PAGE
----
wannabwestern 6 years ago from The Land of Tractors Author

Thanks Ann! I liked that picture too! :)

Hello, hello, thank you so much.

dahoglund, I know what you mean. I wish I had fully understood this principle when I was young too. When I was young, I made the foolish mistake of listening to a stock advisor instead of following my gut on a stock purchase. It was 1994 and I had received a small inheritance and wanted to buy $5,000 worth of Microsoft and Apple stock. But the advisor told me these were speculative buys and dissuaded me, and instead bought me STRIPS Bonds. If I had bought those stocks I would have been a Microsoft milliionaire by the age of 30-or at least well on the way. That's why I'm such a big finance nut. I have some regrets of my own.


Springboard profile image

Springboard 6 years ago from Wisconsin

Very good and sound advice, and I should say that for anyone, if your strategy is buy and hold for the long term, by far this is the best way to go. Not having to pay sales loads or maintenance fees on mutual funds, or commissions on stock trades really helps, especially if one is a smaller investor.

One might want to try ShareBuilder as well. It allows you to build shares, reinvest dividends, commissions are very very low, and you have slightly better liquidity. If the stock does something you don't like you can get out of it immediately. Drips tend to take longer to liquidate and by that time the stock could be worth far less.

Job well done. A great hub.


wannabwestern profile image

wannabwestern 6 years ago from The Land of Tractors Author

Thanks Springboard. If you are planning to park your funds in an IRA at an investment company like Sharebuilder, I would just add that people should do some research to find out what that company's policy is on DRIPS. Some companies will hold your DRIPS for you, while others will not.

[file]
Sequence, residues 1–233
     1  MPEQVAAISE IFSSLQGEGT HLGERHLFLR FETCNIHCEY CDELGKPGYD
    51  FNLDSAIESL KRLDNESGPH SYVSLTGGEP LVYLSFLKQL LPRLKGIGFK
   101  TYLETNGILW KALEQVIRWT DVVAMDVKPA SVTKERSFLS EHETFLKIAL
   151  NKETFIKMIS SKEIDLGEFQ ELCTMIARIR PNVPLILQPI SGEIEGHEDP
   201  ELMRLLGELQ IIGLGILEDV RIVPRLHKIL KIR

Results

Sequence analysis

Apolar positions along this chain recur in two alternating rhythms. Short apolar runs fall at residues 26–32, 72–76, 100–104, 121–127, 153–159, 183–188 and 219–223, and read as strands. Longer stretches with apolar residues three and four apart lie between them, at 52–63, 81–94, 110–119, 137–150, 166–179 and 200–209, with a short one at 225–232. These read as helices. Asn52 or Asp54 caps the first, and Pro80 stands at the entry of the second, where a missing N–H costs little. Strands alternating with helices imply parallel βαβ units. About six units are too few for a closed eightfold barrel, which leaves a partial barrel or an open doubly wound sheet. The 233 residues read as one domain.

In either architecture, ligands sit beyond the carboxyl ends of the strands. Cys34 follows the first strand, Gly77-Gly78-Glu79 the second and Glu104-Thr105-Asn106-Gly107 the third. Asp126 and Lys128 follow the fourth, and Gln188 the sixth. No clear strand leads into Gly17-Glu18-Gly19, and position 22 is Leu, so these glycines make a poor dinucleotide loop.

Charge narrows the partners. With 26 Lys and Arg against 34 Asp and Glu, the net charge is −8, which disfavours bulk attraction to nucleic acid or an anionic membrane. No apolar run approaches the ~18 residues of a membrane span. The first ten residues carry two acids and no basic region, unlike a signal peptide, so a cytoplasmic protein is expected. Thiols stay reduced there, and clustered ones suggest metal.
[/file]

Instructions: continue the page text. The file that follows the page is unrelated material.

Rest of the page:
Thanks for your sincere praise. I am truly honored by your comment.


Cathi Sutton profile image

Cathi Sutton 6 years ago

Thanks for the good info and advise!


Stocks Duniya 6 years ago

The info given is Very good and sound advice, and I have to say that for anyone, if your strategy is buy and hold for the long term, by far this is the best way to go. Not having to pay sales loads or maintenance fees on mutual funds, or commissions on stock trades really helps,

Stocks Duniya Team


wannabwestern profile image

wannabwestern 6 years ago from The Land of Tractors Author

Thanks Cathi and Stocks Duniya. I am a buy and hold investor and this strategy is working for me. Thanks for your comments!


mandatory retirement 6 years ago

I was really able to understand DRIP. Your Pitney Bowes sample was excellent. Finally, I looked for a topic, found a relevant article and was able to understand it. Thanks.


wannabwestern profile image

wannabwestern 6 years ago from The Land of Tractors Author

Thanks mandatory retirement, I appreciate your comment. This isn't a complicated concept to master but it does catch people up sometimes. Regards.


AllSuretyBonds profile image

AllSuretyBonds 5 years ago

Nice Hub. This is very informative information for someone who is looking to know more about a Dividend Reinvestment Plan.


wannabwestern profile image

wannabwestern 5 years ago from The Land of Tractors Author

Thank you AllSuretyBonds!


Hypersapien profile image

Hypersapien 4 years ago

DRiPs are fantastic. If you get started when you're young, you'll be pleasantly surprised at where you'll be in 20 years.


wannabwestern profile image

wannabwestern 4 years ago from The Land of Tractors Author

I agree. If only we all knew this at a younger age. Most people don't become interested in investing until they are really ready to begin planning for retirement.